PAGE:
Search Results for Tag: visual storytelling
What is Creatavist?
Creatavist is a web-based storytelling platform developed by the media and software company The Atavist. Since 2009 The Atavist has used its Creatavist platform to produce and publish original long form narrative stories for the iPad. Now available in open beta, Creatavist offers tools for a variety of digital projects – from producing online books, magazines and video projects to even building your own app (as did the Paris Review and TED Books).
However, the most interesting feature of Creatavist for journalists might be the possibility of creating online multimedia specials that make use of parallax-scrolling effects – or short Scrollitelling as Benjamin Hoguet, co-founder of Djehouti (the company behind the storytelling software Racontr) likes to call it.
The acclaimed Snow Fall by the New York Times is probably one of the most popular and most praised “Scrollitelling” projects. However, since its publication, a lot of other multimedia stories have popped up, such as Killing Kennedy by National Geographic or the recently published NSA files decoded by The Guardian – just to name a few. Even though these specials are impressive, it is not as hard as one might imagine to create projects comparable to those mentioned. And using Creatavist combined with a bit of time and patience is definitely a good way to start.
The New York Times “Snow Fall” multimedia feature is one that onMedia has mentioned in dispatches several times and most recently in our interview with Dr David Campbell discussing his research into visual storytelling for World Press Photo.
“What Snow Fall indicates, is that in 2013, major media organisations are catching up to what the web does and are starting to present their information in ways that are much more friendly to digital spaces, and therefore more accessible from the huge range of devices you can get online with.”
The NYT has since employed the Snow Fall scrolling style of design in a number of features and the latest one produced for the New York Times Magazine is worth a look.
In Part 1 of Visual storytelling and moving beyond ‘multimedia’ freelance trainer Guy Degen explored some of the problems with the term “multimedia”. The post also featured the World Press Photo Academy-FotoFederatie study into multimedia produced by Dr David Campbell. In Part 2, we present an in-depth interview Guy conducted with David Campbell about his research and trends in visual storytelling.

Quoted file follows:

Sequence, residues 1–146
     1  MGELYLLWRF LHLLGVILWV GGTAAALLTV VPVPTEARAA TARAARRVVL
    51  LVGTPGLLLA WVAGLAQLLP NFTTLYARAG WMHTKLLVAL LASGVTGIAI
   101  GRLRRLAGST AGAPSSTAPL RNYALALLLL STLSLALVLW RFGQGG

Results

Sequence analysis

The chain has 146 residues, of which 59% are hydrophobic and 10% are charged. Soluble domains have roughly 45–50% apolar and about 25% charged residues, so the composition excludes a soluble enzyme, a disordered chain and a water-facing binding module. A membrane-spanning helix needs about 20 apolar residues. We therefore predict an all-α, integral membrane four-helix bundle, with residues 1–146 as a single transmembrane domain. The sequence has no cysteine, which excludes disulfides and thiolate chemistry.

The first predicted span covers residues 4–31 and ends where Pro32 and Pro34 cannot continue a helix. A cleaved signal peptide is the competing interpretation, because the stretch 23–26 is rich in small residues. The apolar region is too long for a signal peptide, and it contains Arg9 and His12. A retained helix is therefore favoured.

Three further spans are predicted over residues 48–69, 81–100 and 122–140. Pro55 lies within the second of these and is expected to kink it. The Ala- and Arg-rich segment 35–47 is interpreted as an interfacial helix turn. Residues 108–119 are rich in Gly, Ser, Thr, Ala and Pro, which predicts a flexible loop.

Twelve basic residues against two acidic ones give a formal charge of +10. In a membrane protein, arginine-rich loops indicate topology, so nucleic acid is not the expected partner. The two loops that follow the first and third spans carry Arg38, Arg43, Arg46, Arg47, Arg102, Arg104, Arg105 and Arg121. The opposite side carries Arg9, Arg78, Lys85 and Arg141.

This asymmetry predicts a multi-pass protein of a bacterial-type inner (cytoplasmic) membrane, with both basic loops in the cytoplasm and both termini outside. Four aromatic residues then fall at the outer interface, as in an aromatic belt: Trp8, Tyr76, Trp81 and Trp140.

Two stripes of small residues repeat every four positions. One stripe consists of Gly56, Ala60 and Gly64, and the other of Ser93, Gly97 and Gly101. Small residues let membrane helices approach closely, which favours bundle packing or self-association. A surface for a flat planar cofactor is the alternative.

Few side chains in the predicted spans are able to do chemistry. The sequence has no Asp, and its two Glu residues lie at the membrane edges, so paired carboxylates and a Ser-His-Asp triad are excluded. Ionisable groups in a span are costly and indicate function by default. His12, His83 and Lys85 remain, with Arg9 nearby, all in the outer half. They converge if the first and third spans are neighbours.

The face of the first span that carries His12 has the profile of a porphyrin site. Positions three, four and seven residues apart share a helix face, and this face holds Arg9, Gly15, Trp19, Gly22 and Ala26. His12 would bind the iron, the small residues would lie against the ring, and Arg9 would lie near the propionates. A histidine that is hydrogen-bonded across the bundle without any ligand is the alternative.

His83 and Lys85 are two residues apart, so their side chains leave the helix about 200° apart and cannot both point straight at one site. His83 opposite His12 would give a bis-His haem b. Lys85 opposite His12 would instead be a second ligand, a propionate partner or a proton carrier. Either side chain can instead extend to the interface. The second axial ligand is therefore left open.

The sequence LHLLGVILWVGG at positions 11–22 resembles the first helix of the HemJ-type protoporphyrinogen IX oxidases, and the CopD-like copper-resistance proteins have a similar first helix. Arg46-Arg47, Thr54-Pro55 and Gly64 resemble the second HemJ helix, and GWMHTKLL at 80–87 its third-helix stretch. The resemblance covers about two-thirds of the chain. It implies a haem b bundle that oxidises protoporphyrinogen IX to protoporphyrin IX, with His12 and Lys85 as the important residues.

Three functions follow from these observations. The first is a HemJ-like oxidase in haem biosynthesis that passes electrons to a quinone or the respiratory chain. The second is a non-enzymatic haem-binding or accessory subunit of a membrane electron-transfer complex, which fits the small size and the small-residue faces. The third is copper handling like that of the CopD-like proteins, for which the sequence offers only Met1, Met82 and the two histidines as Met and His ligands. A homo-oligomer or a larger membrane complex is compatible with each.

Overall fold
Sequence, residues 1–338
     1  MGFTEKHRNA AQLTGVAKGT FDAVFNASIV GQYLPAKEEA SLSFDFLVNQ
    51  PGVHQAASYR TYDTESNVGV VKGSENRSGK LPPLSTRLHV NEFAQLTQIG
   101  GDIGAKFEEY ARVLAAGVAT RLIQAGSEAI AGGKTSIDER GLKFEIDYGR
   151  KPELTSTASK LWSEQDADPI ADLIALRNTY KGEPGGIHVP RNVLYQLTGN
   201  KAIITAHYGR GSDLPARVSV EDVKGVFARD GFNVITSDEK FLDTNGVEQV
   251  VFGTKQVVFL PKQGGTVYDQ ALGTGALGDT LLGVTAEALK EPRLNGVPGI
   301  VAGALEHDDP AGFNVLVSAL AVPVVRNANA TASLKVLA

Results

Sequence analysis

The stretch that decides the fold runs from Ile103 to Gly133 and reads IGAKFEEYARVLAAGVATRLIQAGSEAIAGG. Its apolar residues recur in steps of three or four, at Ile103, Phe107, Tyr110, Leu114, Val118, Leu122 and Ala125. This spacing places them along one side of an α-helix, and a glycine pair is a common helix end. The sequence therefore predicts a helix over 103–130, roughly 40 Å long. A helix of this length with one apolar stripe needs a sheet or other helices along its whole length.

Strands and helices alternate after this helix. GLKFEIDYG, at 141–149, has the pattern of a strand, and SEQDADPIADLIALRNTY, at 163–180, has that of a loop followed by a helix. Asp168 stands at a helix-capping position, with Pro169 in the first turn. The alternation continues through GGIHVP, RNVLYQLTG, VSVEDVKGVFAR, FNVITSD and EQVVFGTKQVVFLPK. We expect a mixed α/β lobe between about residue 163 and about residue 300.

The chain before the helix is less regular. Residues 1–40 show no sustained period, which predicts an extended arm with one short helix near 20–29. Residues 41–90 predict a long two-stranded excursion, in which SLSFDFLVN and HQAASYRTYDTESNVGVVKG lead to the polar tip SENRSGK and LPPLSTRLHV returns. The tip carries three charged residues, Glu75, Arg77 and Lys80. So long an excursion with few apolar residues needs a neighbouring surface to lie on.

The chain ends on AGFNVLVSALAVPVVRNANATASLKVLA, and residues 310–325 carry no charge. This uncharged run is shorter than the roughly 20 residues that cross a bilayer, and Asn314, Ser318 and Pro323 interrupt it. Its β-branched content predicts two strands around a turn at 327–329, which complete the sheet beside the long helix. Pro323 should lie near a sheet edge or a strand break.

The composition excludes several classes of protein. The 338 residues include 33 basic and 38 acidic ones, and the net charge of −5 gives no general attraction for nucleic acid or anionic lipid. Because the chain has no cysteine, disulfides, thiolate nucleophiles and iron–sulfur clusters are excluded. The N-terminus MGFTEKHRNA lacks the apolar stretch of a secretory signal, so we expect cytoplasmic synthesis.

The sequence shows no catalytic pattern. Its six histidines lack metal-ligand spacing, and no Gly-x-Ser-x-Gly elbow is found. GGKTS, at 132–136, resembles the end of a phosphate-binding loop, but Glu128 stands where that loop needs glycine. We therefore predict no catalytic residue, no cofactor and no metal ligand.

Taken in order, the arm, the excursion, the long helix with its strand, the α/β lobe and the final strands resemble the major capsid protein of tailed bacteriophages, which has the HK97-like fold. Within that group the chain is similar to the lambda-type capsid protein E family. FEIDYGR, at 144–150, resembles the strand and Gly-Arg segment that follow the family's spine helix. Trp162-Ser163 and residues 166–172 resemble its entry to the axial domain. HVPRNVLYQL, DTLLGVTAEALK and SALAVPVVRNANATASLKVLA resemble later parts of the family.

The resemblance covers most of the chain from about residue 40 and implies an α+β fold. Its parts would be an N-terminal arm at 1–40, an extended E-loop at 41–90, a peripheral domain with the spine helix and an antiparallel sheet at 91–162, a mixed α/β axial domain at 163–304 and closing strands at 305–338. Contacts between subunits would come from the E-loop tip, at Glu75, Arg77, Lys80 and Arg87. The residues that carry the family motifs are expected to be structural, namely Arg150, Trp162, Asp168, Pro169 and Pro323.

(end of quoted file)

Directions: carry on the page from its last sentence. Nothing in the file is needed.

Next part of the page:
The full study PDF can be downloaded here.
We apply the word “multimedia” in many different ways – from describing types of stories to job titles to categories of awards to sections of websites to journalism courses and workshops, and yes, even the category of this blog post.
A common starting point for discussing “multimedia” is usually something to do with stories using a combination of photography, audio, video, text and graphics.
But is that precise? Is a book with text and pictures “multimedia”? Why is a video story frequently considered to be “multimedia”? And, if we present our audience with the same story but in different versions – audio, video, or text and photos – is that also “multimedia”?
In a blog post entitled I Hate Multimedia, MediaStorm’s Eric Maierson recently summed things up by saying “multimedia” can mean anything, it just depends on whom you ask.
‘The real issue is that “multimedia” is too small. It distracts and limits the possibilities we should be embracing.’
But while “what is multimedia?” is an ongoing and contentious debate, there is a sense that media professionals want to move forward. Especially at a time when technology, such as smartphones, tablets and social media, offer new storytelling and distribution possibilities and place even more pressure on the business models of older media, and media professionals who are struggling to adapt.
So, where to next for “multimedia”?
From a playable political cartoon to a simulation of Osama bin Ladens death – newsgames are embraced by the media to playfully engage the audience in important events. In other words, newsgames are games put to use in the context of journalism.
“Newsgames will not replace classical approaches to news but they can and will enhance and augment digital journalism in the 21st century,” says Marcus Bösch.
The freelance journalism trainer has led numerous workshops for DW Akademie and is the co-founder of The Good Evil game studio. DW Akademie’s Natalia Karbasova spoke with Marcus Bösch about the idea behind newsgames, best practices and the future of newsgames.
Tagsgames, interactive journalism, interactivity, multimedia, newsgames, online journalism, visual storytelling